Buddhist teachings encourage us to fully integrate the truth of impermanence and of death within ourselves, and let go of our attachment.
When our loved ones are cut in pieces and offered to vultures, the reality of impermanence is that much more strongly felt. This ceremony is considered as spiritual training for the deceased’s family and loved ones. As family or loved ones of the dearly departed, we will meditate on the fact that our loved one’s life is impermanent as well as their body. Only to realize that all humans will meet the same fate, and thus finally we will let go of our attachment to others and to ourselves.
In some cases, monks who live in the nearby monasteries will attend the sky-burial ceremonies to reinforce the reality of impermanence and of attachment. They will meditate on the decrepitude of the bodies in order to learn to let go of their attachment. This experience is considered to be useful for their spiritual training.
Why offering to vultures in particular?
Vultures seem to occupy a special place in Tibetan culture.
First, they are considered as kings of the sky and are said to be very pure.
Some Tibetans say that it’s impossible to see the corpse of a dead vulture, except of course if it’s killed. This adds to the mystical dimension of the vultures.
Finally, birds have a symbolic importance in Tibetan Buddhism. In Tibetan Buddhism, it is said that three poisons prevent you from advancing on the path to enlightenment: attachment, anger and ignorance. Each of those poisons is represented by an animal. Attachment is represented by a bird, anger by a snake and ignorance by a pig. As we said earlier, sky-burial is considered to be a form of mental training to fight against attachment and embrace the tenet of impermanence. It is interesting to see that the animals that accompany humans during this teaching about attachment and impermanence are actually birds, symbol of the poison of attachment, right?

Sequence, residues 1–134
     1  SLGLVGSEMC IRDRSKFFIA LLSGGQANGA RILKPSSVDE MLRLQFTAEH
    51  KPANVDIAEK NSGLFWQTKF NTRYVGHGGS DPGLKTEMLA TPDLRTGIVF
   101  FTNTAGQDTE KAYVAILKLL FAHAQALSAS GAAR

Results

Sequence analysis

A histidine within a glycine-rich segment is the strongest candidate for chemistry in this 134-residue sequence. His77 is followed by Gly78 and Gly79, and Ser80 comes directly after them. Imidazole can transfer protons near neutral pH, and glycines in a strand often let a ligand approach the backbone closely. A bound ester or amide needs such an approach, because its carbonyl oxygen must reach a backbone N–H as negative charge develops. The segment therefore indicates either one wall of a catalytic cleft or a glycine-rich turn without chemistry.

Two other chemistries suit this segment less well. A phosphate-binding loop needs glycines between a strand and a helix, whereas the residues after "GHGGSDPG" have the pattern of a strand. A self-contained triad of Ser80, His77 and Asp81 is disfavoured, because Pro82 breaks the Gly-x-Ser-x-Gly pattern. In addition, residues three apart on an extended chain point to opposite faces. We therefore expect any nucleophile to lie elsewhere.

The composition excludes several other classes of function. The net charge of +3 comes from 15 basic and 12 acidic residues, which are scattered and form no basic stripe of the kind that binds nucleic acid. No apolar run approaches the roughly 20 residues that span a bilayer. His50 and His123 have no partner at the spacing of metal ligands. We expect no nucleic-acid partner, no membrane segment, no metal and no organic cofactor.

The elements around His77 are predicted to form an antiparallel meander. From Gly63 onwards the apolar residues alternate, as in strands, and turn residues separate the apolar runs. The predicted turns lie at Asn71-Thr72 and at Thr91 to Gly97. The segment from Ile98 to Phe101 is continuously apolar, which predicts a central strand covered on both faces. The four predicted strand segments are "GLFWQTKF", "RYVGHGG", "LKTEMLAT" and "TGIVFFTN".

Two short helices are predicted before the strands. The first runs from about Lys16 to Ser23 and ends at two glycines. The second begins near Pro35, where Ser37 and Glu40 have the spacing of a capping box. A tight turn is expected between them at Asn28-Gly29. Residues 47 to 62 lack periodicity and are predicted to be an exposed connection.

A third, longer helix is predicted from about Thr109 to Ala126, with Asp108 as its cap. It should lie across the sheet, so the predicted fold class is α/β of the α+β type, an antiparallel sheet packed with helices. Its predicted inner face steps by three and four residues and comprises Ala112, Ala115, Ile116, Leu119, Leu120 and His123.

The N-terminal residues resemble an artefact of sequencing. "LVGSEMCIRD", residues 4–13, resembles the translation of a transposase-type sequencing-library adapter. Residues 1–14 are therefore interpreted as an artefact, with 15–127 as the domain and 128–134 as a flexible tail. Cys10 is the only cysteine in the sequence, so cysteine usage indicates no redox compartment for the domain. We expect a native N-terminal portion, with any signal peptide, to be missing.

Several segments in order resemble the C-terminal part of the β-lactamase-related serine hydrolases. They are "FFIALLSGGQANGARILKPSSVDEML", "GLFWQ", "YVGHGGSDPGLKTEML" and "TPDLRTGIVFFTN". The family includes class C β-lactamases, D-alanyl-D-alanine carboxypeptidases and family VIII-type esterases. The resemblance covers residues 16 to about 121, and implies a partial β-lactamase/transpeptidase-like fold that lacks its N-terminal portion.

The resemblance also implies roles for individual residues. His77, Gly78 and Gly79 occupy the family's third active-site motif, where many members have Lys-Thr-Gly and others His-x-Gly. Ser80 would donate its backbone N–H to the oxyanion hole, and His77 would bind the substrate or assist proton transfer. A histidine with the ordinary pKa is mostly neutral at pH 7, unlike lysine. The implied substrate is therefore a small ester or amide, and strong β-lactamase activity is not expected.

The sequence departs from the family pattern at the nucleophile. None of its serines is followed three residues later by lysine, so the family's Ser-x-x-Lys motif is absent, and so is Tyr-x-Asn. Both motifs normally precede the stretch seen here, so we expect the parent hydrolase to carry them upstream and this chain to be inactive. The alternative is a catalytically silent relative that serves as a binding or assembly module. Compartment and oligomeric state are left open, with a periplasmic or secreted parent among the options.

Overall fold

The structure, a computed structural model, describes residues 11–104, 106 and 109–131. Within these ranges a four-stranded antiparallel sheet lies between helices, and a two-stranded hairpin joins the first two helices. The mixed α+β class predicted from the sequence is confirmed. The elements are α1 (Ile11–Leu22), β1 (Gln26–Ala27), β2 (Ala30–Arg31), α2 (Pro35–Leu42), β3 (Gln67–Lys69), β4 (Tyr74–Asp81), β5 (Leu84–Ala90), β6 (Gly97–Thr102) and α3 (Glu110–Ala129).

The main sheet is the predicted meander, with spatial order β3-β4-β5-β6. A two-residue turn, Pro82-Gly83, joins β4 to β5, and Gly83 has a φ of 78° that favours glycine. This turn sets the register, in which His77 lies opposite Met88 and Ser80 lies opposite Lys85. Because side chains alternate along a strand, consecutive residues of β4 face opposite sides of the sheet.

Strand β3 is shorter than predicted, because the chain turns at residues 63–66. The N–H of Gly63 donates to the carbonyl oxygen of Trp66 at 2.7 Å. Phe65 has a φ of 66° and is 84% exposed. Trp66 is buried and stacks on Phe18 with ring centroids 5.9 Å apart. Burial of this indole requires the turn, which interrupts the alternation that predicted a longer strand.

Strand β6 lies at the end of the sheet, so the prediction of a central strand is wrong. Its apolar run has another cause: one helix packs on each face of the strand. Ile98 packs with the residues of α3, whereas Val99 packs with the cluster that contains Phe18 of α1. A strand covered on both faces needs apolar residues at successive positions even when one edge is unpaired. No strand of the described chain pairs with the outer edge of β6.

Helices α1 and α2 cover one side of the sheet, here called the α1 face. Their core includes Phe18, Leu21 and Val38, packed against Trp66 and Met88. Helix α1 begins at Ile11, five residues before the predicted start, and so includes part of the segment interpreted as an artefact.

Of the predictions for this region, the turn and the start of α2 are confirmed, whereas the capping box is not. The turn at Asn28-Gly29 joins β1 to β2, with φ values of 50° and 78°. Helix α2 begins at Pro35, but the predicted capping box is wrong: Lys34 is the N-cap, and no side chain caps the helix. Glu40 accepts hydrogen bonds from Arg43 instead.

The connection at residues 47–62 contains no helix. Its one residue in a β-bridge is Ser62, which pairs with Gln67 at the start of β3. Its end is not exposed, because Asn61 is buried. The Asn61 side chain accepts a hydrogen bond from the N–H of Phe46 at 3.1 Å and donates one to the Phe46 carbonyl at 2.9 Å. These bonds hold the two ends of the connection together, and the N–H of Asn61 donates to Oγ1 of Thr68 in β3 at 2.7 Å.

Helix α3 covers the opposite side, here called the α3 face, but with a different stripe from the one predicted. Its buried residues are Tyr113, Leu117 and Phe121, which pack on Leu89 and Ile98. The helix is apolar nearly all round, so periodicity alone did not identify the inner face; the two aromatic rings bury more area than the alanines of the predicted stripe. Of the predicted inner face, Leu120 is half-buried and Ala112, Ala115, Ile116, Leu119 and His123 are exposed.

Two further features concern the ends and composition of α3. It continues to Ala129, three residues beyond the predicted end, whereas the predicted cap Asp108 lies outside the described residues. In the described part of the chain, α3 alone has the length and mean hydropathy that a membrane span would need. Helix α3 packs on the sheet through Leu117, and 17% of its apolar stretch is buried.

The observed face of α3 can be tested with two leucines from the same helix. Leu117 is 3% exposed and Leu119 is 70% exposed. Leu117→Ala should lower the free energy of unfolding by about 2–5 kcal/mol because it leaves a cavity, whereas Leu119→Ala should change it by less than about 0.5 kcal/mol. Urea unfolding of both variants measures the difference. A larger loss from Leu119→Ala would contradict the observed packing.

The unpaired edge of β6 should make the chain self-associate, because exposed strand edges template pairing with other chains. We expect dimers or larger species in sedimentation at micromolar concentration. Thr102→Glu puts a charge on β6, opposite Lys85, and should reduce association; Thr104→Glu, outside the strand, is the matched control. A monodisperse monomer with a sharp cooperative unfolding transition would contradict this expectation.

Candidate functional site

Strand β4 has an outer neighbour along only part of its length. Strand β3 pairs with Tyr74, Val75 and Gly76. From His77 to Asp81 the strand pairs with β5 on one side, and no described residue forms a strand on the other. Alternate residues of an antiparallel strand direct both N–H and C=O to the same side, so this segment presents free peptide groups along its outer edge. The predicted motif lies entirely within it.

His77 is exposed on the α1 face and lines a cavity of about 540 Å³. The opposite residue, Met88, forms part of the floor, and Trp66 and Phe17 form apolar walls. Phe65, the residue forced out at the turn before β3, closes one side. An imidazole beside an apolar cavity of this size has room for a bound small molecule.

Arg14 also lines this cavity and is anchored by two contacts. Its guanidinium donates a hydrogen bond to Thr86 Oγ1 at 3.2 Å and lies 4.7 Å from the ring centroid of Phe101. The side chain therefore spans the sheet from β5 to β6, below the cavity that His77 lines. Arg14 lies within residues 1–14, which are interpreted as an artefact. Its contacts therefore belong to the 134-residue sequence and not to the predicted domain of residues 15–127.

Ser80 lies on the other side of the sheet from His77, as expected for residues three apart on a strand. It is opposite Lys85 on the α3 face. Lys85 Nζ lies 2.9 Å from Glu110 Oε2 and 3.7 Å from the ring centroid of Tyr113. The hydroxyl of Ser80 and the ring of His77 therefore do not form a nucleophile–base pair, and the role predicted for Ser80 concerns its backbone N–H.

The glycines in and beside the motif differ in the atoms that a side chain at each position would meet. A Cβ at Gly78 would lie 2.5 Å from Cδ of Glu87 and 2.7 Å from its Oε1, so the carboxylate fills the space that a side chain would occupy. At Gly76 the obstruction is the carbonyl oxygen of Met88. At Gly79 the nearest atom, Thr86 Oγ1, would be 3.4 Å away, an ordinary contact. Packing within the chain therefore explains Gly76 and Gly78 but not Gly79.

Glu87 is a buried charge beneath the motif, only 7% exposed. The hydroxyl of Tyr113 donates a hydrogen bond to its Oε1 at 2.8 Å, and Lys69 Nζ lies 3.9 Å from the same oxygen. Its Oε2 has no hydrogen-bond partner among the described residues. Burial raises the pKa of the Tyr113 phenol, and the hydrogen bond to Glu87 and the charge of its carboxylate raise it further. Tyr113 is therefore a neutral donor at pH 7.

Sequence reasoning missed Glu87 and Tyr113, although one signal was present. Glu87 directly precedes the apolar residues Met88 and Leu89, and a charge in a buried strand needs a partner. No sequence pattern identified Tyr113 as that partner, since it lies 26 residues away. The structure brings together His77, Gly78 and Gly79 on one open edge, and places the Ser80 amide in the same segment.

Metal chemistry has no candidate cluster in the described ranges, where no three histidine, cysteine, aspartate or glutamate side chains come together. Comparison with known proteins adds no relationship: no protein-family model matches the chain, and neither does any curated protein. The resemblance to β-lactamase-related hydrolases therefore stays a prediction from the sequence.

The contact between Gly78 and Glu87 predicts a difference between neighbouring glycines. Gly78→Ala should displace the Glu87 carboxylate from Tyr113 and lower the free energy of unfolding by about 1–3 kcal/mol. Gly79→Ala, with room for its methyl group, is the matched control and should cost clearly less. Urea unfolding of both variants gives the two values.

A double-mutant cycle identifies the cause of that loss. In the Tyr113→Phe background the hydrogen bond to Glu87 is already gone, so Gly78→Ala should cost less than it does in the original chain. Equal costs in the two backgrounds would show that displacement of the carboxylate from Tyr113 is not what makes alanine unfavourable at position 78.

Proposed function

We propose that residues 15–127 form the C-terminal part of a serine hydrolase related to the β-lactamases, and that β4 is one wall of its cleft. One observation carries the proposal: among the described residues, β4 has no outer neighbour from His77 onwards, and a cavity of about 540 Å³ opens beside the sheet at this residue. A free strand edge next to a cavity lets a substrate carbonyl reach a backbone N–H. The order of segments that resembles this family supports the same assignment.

Are there other types of funeral ceremonies in Tibet customs?
Sky-burial is the most common ceremony in today’s Tibet. However, some people are not allowed to benefit from the sky-burial ceremony: those who died because of certain types of contagious disease and those who have died by knife wound or gunshot. In these cases, the practice is considered as being harmful to the vultures, instead the deceased are buried.
Another tradition is to cut the body in pieces and throw them into the water, so it can benefit the fish and other animals living in the water or nearby. The mindset is the same as when offering the corpse to vultures.
A particular tradition exists in some lower altitude areas of Tibet where there are mostly forests. The tradition is to hang the body on a tree in the forest. However this practice is rare and followed only in certain areas.
Some people do practice burial but it is very rare. It is usually not considered a good practice.
Another custom in Tibet is cremation, it is usually reserved for religious figures or sometimes highly respected lay persons.
Some high religious figures and respected lay persons benefit from another special treatment. Their body is kept with salt and charcoal and put in a religious edifice called a “Stupa” in sanskrit or “Cheten” in Tibetan (མཆོད་རྟེན།). Sometimes the body is kept as such without an edifice in the monastery.
What do you personally think of this custom of sky-burial? Scary? Cruel to the loved ones? Compassionate to the wild?
Many thanks to our dear Thomas Pan who proofread this article!